The teacher scowled down her nose at two seven year old boys. “You should be ashamed. Why don’t you look ashamed?”
The smaller boy, who’d grow up and become my husband, tugged his ear, “I don’t know how to look ashamed.”
Whether we know the look of shame or not, most of us know its searing pain.
In The Gifts of Imperfection, Brené Brown tells the story of a conversation a woman had with her neighbor that encapsulates the risk of exposing our flaws. When the woman revealed that she was a recovering alcoholic, her neighbor said, “Well, I’m not sure I feel comfortable with my kids playing at your house any more.”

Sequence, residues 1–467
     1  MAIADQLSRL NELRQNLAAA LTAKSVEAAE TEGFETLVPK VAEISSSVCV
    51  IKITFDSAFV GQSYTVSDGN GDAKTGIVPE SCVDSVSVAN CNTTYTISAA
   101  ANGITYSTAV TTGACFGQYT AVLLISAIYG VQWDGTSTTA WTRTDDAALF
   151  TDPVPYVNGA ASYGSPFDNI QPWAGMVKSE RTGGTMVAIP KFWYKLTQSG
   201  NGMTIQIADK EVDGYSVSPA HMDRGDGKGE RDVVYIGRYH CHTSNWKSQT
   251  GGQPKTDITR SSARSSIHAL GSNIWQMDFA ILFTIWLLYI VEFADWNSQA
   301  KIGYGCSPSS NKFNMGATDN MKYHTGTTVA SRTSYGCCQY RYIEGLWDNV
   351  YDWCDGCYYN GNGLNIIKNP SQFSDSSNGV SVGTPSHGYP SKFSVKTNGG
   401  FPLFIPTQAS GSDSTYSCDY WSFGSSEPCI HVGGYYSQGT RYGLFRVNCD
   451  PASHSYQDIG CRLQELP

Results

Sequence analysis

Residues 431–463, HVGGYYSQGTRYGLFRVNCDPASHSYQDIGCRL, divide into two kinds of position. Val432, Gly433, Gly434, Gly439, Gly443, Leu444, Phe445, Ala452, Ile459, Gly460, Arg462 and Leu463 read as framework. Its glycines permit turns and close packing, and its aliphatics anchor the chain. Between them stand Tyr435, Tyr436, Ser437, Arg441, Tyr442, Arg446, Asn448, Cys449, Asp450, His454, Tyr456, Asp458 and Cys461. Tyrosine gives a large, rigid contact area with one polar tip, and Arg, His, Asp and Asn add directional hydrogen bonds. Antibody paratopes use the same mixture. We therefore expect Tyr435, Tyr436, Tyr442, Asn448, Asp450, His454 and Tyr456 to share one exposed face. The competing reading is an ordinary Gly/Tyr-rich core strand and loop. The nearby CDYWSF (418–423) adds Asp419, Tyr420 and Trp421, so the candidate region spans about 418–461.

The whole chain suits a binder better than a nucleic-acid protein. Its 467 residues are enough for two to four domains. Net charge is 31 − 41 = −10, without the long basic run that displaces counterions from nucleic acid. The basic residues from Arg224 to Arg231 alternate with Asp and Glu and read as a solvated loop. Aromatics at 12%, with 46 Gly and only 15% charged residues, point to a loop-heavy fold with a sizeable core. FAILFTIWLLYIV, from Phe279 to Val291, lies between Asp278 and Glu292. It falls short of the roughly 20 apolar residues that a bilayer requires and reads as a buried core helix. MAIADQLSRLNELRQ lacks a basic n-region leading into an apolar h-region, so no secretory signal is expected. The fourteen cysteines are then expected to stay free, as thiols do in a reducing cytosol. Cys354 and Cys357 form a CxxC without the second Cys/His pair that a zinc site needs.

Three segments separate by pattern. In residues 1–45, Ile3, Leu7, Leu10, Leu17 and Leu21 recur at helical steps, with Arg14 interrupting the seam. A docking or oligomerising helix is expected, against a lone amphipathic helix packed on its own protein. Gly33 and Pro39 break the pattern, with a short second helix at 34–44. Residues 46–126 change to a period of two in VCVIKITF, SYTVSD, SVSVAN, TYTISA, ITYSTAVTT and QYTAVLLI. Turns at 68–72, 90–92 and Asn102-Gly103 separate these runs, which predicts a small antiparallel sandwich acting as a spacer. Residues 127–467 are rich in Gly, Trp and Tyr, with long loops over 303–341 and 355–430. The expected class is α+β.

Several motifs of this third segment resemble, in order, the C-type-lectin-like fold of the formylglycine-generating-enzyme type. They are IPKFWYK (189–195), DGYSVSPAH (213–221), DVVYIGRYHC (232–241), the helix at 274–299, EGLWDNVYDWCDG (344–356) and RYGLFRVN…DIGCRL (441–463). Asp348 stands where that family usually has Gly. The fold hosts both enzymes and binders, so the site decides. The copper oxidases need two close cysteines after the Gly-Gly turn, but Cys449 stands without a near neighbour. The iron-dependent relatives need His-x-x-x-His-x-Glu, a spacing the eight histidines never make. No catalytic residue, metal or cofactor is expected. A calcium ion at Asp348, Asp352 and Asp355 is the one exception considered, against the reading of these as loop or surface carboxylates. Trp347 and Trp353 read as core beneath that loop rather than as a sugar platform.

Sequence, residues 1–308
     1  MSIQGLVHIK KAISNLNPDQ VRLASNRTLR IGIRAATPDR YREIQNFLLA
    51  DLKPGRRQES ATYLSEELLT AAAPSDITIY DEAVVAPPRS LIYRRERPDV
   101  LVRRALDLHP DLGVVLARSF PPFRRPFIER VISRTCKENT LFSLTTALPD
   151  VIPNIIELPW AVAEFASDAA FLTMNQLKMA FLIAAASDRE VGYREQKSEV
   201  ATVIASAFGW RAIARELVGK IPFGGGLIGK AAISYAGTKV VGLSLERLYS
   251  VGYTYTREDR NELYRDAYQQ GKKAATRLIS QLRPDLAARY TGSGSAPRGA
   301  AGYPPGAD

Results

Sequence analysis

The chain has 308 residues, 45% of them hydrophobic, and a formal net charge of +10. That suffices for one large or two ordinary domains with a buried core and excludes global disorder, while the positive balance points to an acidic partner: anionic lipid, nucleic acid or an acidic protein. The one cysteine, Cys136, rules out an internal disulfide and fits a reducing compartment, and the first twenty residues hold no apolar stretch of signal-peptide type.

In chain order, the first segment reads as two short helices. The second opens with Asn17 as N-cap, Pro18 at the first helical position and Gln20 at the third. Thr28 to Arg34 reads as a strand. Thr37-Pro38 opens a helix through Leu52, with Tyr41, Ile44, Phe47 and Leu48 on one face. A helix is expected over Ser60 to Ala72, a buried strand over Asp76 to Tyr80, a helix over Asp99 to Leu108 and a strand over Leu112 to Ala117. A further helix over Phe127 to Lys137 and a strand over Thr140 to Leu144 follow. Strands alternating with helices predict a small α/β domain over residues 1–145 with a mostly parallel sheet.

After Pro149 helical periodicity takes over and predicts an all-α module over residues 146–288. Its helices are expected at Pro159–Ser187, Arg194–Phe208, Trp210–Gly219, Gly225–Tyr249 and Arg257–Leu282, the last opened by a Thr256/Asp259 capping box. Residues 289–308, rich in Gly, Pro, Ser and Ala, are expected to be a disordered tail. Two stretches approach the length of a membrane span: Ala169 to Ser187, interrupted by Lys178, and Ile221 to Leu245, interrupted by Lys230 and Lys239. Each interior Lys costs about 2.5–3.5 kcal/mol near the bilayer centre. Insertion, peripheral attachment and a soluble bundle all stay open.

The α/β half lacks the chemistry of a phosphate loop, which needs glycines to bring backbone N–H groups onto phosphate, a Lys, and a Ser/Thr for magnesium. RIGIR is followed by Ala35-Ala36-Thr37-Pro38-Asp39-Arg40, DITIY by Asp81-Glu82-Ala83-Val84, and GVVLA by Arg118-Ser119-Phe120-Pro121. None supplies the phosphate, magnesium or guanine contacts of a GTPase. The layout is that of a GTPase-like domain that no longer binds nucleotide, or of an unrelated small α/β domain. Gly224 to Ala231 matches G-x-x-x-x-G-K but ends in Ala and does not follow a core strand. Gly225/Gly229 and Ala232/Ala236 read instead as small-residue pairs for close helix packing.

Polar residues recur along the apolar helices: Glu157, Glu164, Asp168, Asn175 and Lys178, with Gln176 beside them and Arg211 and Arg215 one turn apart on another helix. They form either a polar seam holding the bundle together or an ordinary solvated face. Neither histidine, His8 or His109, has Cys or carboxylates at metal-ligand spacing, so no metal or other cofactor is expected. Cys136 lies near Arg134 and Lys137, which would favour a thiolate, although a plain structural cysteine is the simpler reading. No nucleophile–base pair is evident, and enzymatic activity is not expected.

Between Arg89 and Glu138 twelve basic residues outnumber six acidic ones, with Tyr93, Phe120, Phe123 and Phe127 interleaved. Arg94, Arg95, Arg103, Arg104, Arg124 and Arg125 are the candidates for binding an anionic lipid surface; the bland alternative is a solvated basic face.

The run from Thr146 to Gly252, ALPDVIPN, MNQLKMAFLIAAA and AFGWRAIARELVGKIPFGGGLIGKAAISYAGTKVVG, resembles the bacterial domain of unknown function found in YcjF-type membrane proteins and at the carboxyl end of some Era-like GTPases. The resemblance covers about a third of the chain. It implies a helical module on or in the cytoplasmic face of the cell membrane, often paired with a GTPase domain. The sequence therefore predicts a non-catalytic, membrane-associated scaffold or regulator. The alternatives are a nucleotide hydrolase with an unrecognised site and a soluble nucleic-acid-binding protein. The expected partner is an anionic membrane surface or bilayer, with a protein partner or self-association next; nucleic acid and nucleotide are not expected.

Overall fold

The first woman swallowed hard, took a deep breath, and said, “Your children have been playing at my house for two years. I’ve been sober for over twenty years. I haven’t changed in the last ten minutes. Why have you?”
This story shows why we carefully hide our shortcomings under cloaks of knowledge, professionalism, humor, kindness, perfectionism, and accomplishments. Continue Reading